Homemakers' reactions to planning, developing and using coordinated food mixing centers in their kitchens

UNCG Author/Contributor (non-UNCG co-authors, if there are any, appear on document)
Lou Watson Godley (Creator)
The University of North Carolina at Greensboro (UNCG )
Web Site: http://library.uncg.edu/
Clara Ridder

Abstract: The purposes of this study were to determine reactions of homemakers to coordinated food mixing centers in their kitchens during the planning, developing, and after use stages, and to suggest ways in which educators might work more effectively with homemakers in developing efficient kitchen storage. Contacts were made in Pittsylvania County, Virginia, to locate ten women willing to develop a mix center. Reactions were noted following eight visits. Family information, and reactions after the use period were gained through questionnaires. Photographs taken before and after development of mix center showed space utilization. Mix centers were developed according to the principles of good storage. The homemakers were unaware of inefficient kitchen arrangements or storage. Storage patterns were developed with little thought when families moved into a dwelling. The homemakers could not visualize a mix center until they saw one evolve. They offered varying degrees of resistance to change. Some women, as their understanding and interest grew, were able to apply principles of storage in other areas of the home.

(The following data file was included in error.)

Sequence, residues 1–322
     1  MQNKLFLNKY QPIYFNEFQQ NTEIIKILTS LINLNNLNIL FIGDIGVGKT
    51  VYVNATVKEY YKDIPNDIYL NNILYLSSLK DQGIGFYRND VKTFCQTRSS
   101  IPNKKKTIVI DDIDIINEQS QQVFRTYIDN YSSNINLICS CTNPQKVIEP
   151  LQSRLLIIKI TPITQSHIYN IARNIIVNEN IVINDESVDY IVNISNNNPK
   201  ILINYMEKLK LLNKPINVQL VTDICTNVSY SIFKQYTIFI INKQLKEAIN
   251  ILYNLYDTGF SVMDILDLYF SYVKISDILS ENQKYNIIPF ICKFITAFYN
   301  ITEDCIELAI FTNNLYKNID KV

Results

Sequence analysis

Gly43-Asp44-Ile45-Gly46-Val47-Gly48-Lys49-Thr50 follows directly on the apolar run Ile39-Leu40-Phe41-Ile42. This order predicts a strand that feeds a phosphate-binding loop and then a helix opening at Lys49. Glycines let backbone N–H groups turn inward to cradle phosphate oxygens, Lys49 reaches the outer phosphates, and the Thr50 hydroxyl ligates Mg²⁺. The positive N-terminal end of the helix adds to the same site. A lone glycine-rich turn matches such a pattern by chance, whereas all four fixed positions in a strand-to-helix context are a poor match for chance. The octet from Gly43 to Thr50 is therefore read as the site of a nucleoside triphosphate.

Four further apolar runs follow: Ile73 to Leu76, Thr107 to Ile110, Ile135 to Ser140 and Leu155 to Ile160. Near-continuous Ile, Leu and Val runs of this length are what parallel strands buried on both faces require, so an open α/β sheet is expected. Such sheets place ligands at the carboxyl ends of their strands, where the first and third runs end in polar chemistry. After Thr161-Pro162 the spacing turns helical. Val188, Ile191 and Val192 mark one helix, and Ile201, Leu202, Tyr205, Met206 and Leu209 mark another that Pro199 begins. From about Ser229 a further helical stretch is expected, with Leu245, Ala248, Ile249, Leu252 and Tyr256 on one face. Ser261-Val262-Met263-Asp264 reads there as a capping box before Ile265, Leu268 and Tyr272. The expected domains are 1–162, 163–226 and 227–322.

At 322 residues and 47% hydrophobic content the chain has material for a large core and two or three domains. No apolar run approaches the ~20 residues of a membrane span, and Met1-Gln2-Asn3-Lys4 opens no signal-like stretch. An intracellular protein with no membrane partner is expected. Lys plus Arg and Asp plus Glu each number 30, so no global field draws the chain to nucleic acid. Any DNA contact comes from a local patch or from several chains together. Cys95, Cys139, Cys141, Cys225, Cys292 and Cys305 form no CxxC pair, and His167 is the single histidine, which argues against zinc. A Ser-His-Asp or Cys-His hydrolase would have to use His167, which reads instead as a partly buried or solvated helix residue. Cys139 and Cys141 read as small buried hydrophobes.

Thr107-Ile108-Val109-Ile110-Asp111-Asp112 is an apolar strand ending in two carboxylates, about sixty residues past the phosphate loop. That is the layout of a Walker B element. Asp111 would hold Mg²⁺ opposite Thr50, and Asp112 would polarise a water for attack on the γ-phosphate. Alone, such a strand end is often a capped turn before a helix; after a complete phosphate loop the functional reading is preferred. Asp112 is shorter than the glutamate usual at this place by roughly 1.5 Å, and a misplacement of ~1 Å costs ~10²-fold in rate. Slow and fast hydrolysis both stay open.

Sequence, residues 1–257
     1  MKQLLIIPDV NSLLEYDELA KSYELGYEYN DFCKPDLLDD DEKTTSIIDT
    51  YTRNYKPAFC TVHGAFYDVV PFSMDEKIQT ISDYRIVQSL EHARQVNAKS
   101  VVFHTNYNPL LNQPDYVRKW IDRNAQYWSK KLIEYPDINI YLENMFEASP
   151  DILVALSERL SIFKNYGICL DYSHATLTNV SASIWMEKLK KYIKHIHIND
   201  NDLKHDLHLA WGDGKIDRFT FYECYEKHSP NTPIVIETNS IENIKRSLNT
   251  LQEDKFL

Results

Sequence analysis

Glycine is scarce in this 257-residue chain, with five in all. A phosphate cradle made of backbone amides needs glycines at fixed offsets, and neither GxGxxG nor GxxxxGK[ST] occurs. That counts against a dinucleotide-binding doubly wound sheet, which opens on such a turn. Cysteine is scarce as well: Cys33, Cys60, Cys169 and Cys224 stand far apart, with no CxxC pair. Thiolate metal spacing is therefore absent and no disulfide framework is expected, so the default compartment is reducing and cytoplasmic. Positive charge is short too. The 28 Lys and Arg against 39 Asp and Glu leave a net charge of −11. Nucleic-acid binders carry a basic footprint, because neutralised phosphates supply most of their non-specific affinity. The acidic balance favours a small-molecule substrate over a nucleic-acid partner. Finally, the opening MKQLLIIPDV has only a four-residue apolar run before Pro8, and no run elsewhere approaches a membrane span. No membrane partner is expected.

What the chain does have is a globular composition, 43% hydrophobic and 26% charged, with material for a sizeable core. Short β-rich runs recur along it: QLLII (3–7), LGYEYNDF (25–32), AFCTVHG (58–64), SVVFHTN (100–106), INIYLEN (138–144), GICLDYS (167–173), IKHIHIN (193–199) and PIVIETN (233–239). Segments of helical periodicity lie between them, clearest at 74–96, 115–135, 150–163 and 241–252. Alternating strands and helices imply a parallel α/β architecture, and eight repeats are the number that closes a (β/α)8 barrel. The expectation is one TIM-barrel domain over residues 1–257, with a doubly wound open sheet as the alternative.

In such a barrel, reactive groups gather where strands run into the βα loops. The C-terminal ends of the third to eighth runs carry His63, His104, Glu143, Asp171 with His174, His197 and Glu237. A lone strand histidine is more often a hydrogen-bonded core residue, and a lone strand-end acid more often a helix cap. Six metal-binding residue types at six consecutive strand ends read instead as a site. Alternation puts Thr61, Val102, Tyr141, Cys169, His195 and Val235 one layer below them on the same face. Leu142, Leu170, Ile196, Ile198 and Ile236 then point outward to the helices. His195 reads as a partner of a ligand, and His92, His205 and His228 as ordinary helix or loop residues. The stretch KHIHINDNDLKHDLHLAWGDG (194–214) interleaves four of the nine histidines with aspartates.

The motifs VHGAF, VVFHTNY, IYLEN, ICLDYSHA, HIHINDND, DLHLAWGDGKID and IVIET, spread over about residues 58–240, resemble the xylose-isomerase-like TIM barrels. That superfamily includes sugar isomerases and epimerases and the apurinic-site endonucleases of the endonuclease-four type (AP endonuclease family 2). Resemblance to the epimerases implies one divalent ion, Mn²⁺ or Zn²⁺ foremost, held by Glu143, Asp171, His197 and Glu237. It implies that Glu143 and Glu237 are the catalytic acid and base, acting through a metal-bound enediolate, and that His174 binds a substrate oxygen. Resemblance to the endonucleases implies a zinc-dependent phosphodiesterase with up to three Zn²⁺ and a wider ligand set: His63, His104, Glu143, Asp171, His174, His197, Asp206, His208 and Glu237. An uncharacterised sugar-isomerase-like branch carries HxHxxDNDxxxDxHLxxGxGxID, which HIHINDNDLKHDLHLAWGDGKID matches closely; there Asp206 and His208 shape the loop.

Additional Information

Language: English
Date: 1968

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